Fortney explained to CA that he took early retirement in 1995 to devote himself full-time to writing. "I fish and hunt and garden and read like mad. As you see, I started my serious poetry career late. With four books published, three novels, and a book of poetry, I guess I can call myself—as the people of West Texas generally, and Lubbock specifically, called Molly Ivins after she published her first book—an 'arthur'"
Well aware that he is a late bloomer as a writer, Fortney feels that "I have cheated the American literary tradition by not being precocious, that is, having a spurt of high creativity when very young and then fading forever from the book-lists thereafter: American Literature, it is said, has no second acts. European literature and world art, however, are full of five-act lives. I firmly believe that I was spared precocity because probably I didn't have the strength of character to handle it well in any case. Therefore, it has been my delightful lot to have developed what talent I have carefully and slowly, so that at the age of sixty-four I feel close to the height of my powers and feel quite confident, health and vigor permitting, that I can finish the half a dozen or so unfinished and barely-begun books stored in my computer and the unwritten poems in my soul well into my seventh and eighth and even ninth decades."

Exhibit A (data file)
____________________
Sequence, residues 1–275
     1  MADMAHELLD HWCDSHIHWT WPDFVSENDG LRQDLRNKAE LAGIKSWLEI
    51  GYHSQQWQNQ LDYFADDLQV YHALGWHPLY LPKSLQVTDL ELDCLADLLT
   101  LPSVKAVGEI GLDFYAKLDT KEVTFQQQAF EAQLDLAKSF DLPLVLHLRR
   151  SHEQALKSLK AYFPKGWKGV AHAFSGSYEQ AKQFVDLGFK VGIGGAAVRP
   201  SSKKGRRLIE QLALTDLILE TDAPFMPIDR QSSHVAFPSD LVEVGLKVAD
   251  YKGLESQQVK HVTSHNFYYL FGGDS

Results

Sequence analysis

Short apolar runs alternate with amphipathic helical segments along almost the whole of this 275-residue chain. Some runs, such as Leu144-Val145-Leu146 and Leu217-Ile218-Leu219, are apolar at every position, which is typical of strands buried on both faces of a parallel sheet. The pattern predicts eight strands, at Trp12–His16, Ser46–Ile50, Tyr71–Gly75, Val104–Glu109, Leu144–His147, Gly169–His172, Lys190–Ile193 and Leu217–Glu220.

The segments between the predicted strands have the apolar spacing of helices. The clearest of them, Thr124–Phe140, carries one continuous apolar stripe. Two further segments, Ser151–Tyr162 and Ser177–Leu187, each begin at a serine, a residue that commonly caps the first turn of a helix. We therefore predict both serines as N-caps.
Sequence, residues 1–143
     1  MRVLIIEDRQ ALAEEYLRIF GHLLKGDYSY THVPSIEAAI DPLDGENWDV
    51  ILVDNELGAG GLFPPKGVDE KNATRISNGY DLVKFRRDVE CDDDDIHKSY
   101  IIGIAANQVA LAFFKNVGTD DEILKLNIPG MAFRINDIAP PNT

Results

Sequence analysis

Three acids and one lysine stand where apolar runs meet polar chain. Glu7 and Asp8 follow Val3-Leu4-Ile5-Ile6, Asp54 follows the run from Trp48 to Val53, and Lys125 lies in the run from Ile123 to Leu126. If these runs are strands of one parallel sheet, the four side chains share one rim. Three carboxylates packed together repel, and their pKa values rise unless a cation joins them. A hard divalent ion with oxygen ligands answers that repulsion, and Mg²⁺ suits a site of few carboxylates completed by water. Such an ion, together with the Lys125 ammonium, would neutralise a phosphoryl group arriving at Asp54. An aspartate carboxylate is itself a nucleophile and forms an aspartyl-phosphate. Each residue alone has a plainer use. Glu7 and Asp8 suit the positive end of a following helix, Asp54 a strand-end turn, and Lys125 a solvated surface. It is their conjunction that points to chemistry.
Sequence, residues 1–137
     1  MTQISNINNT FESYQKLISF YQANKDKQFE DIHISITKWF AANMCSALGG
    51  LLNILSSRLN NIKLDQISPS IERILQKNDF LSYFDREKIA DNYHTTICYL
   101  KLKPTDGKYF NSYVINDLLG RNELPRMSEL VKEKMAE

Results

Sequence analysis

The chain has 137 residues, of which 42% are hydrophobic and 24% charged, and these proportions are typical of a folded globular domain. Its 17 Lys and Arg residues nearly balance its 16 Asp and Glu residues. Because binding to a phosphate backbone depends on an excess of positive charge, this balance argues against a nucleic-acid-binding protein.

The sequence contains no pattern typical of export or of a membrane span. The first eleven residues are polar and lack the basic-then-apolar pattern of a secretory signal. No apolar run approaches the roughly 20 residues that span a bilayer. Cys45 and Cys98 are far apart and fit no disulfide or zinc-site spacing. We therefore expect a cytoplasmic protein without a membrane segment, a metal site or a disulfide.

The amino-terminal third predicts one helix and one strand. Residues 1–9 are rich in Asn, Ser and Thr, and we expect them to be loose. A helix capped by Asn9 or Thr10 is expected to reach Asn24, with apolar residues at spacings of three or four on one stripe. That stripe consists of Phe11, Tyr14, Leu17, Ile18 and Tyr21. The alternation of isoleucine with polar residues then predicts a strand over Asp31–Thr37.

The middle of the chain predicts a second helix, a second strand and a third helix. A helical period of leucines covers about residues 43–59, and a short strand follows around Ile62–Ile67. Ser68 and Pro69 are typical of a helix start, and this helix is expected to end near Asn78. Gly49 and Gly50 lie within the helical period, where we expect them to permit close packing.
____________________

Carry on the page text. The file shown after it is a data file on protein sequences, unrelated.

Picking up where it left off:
Fortney's writing process is based on what he calls "Rereading and Dreams." "I've had several experiences with dreams," he told CA, "in both stories and poems, that have helped to continue or to finish the composition. For example, in one poem titled 'Pondering,' one of my final lines gave me trouble. The poem is about a fish, in this case a white koi, which was my metaphor for a mystic. The last lines of the first draft read as follows: 'I believe in / the wind because I've / felt it. I know wind / I feel it. I climb slopes / of water before the / What I leap into. God's / language is silence.' I was not satisfied with this version but didn't know what to do about it. It so happened I was in northern Wisconsin with my friends at our cabin in the deep woods there and was distracted for a couple of days with pleasurable hiking, fishing, and canoeing adventures. One night after a wonderfully relaxed night's sleep, I lapsed into my usual morning dream state. Then suddenly I dreamed the right word. I made a note in my dream not to forget the word and upon waking wrote out the new version, the lines of which went as follows: 'I believe in / the wind because I've / felt it. I know wind / I feel it. I scale slopes / of water before the / What I leap into. God's / language is silence.' This involved only one word-change but immeasurably improved the poem."